Scale, in essence, refers to the size of one object, space or idea relative to that of another. This can be given a data based value through the adoption of a formal unit system given to us by the readily adopted systems of measurements (empirical/metric) or it can be understood through notions of relativity and subjectivity. Both models of understanding reveal our unrelenting ambition to understand the world around us in relation to ourselves - the human body.
Many examples exist of our attempts to conceive and implement control through scale/measurement. Ancient regimes developed systems such as the Roman Cubitus, a predecessor to the more well known Foot and Inch measurement system promoted by the British Empire. In this system, units were provided or extracted from the body - the Pes/Foot and the Uncia/Inch (thumb).
Through a commitment to this kind of spatial standardisation that is at once unapologetic and lazy, we frequently interact with objects and environments that cater to almost everyone and, I would argue, almost no one at the same time. We have been deprived of distinct moments when the physicality of our own bodies are reflected back to us from interactions with spatial apparatuses. We now only feel our own body through others. We’re left with only incidental instances where we experience our own bodies within the world around us.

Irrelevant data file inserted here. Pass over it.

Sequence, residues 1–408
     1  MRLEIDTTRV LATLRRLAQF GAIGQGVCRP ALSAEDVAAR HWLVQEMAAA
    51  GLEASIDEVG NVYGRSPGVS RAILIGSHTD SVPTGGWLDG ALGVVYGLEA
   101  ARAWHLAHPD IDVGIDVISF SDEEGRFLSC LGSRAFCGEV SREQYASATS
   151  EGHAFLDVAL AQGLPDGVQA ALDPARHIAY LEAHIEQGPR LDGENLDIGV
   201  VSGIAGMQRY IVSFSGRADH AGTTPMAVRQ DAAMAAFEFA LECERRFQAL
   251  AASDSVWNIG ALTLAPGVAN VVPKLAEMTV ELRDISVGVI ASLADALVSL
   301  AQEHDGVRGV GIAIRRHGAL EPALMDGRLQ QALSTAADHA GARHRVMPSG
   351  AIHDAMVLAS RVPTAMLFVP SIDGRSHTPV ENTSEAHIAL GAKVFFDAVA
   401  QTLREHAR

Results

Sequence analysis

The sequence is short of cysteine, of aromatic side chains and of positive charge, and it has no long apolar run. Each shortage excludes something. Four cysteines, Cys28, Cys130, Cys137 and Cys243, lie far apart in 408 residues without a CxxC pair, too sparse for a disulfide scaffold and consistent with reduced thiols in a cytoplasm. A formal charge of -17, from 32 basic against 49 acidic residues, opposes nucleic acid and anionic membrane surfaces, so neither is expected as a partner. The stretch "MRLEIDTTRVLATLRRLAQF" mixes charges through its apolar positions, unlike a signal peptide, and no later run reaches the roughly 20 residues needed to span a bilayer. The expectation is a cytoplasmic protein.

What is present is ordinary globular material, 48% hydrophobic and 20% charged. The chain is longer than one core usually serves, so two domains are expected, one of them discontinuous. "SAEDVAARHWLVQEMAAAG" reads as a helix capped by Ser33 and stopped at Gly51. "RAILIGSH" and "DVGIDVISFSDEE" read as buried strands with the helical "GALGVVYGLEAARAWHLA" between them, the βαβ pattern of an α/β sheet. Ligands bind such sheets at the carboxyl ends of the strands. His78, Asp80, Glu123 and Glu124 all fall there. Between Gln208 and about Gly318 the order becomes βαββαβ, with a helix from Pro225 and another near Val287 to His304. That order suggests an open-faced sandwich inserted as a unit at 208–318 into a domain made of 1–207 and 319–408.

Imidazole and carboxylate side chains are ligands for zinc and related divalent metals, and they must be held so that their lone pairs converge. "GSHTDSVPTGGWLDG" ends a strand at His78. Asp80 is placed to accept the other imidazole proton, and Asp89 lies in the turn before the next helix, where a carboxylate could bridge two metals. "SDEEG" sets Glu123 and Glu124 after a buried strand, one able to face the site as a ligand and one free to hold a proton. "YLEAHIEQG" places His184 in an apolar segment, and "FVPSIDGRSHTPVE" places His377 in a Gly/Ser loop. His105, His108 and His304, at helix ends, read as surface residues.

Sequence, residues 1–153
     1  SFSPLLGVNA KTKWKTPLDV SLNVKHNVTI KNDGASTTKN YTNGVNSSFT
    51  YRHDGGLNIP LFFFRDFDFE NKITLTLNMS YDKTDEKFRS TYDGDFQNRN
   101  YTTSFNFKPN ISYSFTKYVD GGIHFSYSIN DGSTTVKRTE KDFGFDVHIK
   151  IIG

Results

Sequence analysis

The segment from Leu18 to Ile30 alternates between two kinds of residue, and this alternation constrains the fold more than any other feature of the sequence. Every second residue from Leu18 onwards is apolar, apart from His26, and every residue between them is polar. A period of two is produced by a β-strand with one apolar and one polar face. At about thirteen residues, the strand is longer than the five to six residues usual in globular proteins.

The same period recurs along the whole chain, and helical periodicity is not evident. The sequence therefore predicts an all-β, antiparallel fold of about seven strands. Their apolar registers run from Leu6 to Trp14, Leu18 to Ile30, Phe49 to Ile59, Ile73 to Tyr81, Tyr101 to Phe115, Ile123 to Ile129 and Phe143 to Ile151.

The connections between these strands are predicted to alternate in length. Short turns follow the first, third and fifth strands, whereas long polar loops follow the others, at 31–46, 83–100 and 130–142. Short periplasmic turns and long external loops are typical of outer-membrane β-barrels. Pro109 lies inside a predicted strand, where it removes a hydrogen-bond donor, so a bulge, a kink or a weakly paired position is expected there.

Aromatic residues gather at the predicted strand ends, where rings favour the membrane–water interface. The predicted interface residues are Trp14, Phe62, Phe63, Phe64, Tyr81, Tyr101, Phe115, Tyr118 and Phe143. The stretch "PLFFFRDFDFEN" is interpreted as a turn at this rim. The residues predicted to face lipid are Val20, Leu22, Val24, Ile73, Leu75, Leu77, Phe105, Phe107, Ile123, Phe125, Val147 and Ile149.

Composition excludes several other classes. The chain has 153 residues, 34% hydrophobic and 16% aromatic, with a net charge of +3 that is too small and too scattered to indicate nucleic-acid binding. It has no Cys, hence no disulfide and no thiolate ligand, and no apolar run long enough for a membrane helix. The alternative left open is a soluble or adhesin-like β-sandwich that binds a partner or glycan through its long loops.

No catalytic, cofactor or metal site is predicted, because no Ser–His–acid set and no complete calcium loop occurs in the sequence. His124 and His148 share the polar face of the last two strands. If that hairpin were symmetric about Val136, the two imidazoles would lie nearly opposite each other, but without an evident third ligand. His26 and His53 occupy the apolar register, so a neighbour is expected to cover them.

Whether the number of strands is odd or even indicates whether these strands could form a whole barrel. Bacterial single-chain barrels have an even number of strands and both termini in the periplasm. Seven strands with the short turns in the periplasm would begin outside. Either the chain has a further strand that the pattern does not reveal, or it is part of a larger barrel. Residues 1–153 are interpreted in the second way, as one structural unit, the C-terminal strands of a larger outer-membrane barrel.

This project intends to uncover the role of standardisation and inclusive design in dehumanising our experiences with objects by presenting two pieces of furniture that have been scaled and measured from two different bodies. By undermining the standardisation of ergonomics and measurement, this project bears witness to an indirect dialogue between two bodies with scale being employed as the figurative translator.